LEWISVILLE – A 75-turbine wind farm that could bring hundreds of thousands of dollars in property tax revenue and in payments for landowners could be operational here by the end of 2013.
This week, representatives from the energy company Nordex USA presented their plans for the so-called Flat Rock Wind Project to the Henry County Council and the Henry County Commissioners.
Matthew Decker, a project developer for Nordex, said now, after two years of preparation, the company wants to place 75 wind turbines in southern Henry County and northern Rush County.
The company already has 29,000 acres of land under cooperation agreements with property owners.
Nordex’s planned development area stretches from just south of Interstate 70 in Henry County to about Road 600 North in Rush County. From west to east, it goes from Ind. 3 to Straughn.
Under current plans, about 23 wind turbines would be placed in Henry County, and about 52 would be placed in Rush County.
However, Nordex is working with the New Castle-Henry County Board of Aviation Commissioners to try to alter the municipal airport’s flight patterns so that 10 more turbines can be placed in Henry County – where wind speeds are better – instead of Rush County.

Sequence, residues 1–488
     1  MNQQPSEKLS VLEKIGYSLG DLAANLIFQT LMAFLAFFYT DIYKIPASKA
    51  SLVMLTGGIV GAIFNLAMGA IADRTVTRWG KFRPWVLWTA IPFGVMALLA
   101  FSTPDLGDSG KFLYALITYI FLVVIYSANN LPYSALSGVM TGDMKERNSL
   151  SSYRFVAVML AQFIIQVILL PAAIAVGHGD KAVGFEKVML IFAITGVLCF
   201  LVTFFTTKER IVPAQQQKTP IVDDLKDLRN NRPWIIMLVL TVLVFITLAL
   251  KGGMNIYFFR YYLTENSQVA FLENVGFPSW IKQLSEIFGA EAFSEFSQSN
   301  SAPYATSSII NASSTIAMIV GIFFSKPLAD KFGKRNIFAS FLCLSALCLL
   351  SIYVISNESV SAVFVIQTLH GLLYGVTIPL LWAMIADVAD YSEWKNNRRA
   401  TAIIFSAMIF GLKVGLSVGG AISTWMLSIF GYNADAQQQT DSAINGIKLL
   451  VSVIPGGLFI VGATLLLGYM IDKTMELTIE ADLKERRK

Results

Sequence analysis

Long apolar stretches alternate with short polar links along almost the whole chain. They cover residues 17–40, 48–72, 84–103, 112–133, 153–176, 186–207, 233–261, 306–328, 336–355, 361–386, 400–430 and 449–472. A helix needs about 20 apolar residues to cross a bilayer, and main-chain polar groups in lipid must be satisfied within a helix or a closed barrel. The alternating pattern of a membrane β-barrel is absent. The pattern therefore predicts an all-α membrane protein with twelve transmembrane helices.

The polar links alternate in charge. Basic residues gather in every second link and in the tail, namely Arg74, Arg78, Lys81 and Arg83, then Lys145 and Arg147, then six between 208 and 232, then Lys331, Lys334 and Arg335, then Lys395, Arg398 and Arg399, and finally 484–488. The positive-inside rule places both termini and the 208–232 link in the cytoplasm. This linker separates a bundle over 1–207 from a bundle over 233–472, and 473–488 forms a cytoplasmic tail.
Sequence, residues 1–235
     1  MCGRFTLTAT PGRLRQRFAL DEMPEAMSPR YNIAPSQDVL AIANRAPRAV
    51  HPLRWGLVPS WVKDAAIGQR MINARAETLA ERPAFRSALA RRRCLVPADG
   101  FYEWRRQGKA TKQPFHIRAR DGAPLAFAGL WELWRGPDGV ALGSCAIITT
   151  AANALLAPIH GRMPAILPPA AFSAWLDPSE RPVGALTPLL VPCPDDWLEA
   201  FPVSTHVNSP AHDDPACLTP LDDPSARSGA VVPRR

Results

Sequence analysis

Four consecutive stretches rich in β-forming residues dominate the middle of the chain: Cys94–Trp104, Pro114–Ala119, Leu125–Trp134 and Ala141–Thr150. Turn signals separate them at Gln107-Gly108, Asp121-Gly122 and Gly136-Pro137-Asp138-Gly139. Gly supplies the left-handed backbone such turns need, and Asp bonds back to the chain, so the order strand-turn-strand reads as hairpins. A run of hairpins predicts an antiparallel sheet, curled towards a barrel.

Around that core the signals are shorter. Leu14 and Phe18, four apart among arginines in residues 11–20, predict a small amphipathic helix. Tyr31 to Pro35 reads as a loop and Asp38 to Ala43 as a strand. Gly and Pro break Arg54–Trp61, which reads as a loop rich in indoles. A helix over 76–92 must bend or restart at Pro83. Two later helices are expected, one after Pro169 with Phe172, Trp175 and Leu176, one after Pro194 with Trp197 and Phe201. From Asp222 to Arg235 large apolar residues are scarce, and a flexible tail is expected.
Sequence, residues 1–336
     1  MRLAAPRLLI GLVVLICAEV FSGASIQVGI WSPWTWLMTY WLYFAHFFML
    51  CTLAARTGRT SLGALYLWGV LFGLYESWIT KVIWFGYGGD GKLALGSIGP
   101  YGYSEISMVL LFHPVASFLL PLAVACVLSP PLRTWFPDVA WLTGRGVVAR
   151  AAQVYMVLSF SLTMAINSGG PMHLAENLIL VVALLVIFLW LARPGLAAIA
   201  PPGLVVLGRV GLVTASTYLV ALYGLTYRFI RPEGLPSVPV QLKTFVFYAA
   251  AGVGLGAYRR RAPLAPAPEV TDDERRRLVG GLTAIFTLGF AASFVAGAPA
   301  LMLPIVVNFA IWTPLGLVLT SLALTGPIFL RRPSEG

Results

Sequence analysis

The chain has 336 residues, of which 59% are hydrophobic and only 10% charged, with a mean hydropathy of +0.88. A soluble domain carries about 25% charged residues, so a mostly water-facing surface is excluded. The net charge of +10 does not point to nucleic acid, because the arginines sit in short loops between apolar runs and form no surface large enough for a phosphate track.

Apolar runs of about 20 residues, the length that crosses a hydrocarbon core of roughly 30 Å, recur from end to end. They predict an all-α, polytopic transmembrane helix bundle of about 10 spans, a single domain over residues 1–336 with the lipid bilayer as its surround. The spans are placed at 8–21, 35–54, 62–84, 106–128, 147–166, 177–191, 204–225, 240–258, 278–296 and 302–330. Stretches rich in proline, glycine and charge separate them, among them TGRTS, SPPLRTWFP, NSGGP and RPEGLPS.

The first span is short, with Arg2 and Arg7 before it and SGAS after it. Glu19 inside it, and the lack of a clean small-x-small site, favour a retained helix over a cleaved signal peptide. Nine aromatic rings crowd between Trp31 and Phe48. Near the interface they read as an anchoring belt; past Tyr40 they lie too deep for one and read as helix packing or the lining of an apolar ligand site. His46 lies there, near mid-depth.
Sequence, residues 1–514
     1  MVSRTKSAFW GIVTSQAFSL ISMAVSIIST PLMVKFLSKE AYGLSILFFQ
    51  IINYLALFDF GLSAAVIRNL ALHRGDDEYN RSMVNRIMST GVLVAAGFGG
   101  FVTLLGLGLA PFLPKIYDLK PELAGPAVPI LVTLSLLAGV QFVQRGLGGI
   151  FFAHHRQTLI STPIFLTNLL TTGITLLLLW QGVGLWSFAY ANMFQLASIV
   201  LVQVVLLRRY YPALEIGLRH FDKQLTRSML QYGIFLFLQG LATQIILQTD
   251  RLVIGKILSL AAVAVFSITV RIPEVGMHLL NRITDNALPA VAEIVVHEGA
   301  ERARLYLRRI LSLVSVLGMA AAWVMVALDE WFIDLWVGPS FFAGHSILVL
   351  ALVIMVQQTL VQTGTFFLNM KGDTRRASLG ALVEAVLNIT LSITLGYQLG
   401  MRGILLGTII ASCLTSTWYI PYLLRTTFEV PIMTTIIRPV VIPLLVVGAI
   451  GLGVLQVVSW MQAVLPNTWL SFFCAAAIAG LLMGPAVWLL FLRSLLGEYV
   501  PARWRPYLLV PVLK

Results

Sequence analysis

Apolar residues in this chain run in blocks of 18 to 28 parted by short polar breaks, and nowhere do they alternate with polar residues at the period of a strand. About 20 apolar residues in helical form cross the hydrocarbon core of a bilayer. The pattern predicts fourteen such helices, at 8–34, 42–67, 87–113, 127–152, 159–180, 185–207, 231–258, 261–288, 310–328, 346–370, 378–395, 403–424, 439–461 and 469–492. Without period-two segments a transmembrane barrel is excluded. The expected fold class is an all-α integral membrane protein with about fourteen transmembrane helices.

As Decker explained to the Henry County Council on Wednesday, 10 more turbines in Henry County would bring about $100,000 more in property tax revenue each year to the county.
Decker said each turbine will produce about $10,000 in property tax revenue each year.
But the potential financial benefits of the wind farm don’t stop there. Property owners in the development area would be paid for their cooperation if they work with Nordex.
Property owners who have wind turbines placed on their land would receive 4 percent of the gross revenue, and there would be a guaranteed minimum rate, said Howard Kruger, a consultant for Nordex.
Kruger estimated that a property owner with a turbine would receive between $19,000 and $24,000 a year.
Other property owners in the development area who contract with Nordex would also be compensated, Kruger added.
Plus, Kruger said Nordex would repair roads in the county so that they can handle the equipment that hauls the wind turbines.
“Some of those roads in southern Henry County really need some work,” Kruger said.
He added that for other wind projects, roads end up being in “phenomenal shape.”